At work or home, the Theory of Planned Behavior states that you are more likely to engage in a task if you have a choice within the selection. Do I start the laundry first or make dinner? Given choices, you are more likely to participate. The same holds true in the retail market. One study found that shoppers purchase more jellybeans when provided with an assortment of colors. Even when all the jellybeans taste the same, a consumer will select the variety pack.
There are two situations in which variety can aid in increased sales: 1) those products or services for which you see a dramatic sales increase, and 2) those product categories that are not performing up to your expectations.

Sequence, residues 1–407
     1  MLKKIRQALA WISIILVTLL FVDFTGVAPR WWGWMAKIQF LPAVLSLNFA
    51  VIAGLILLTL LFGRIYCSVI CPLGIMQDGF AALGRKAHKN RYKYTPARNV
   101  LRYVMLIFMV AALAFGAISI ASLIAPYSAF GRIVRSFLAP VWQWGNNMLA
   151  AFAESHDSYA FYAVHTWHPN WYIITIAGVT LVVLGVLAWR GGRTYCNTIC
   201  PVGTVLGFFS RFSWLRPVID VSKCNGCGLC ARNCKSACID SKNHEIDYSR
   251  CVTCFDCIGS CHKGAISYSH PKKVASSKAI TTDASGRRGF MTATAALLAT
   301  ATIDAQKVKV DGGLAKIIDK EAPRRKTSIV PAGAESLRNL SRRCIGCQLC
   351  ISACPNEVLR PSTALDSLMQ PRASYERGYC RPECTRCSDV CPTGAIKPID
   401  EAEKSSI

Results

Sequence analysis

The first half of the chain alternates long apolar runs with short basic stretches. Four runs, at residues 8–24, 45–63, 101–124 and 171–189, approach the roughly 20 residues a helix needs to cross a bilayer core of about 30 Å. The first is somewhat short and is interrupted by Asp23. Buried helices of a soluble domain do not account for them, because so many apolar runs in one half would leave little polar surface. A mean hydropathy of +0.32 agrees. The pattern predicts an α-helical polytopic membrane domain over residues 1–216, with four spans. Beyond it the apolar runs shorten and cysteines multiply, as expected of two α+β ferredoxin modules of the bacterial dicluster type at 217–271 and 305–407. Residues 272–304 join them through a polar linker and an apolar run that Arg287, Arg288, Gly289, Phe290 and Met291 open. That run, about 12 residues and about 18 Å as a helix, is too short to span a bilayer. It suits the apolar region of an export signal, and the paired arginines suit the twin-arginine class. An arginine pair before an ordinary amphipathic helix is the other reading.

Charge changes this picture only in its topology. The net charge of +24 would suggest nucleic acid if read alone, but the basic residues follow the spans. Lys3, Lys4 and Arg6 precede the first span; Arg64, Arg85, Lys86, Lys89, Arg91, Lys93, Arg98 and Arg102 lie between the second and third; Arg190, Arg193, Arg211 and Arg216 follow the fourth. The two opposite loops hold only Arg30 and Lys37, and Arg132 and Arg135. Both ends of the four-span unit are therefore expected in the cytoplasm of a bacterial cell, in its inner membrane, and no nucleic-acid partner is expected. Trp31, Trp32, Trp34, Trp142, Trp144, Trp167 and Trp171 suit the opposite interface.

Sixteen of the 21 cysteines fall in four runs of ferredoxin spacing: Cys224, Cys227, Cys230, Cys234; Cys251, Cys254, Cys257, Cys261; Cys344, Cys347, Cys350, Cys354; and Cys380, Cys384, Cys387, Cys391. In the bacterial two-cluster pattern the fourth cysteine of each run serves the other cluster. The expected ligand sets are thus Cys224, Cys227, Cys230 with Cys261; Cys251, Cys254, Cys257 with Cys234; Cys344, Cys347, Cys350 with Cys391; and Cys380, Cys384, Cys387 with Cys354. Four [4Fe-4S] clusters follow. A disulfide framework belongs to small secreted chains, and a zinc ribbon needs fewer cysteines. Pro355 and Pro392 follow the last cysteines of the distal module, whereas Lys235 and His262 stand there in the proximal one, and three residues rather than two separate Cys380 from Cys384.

For those products or services that are giving you increased sales, your store or site may be acting as a destination location. For example, if you are selling great deal of muffin pans, consider expanding the cookware assortment to draw even more baking enthusiasts.
Some of your product categories may be underperforming in sales, compared to what you had expected. Provided evidence that other retailers are selling more cookbooks than you, with selling space considered, you might benefit from expanding the variety of books within that genre.
A Vehicle for Viewing Variety
You don’t want to load up on variety and have your potential customer overwhelmed and confused at the array of choices presented. Therefore, once you decide to beef up on the choices within a product or service line, you must give your shopper a way to sort through the choices.
A method that can give your client a sense of control is providing sub-categories within the product selection. Think of teas: black, green, red. Or coffee: mild, dark, and decaffeinated. Clothing can be sorted by purpose: sporty, work, casual. The list is endless, and if your creative with words, it can be quite fun!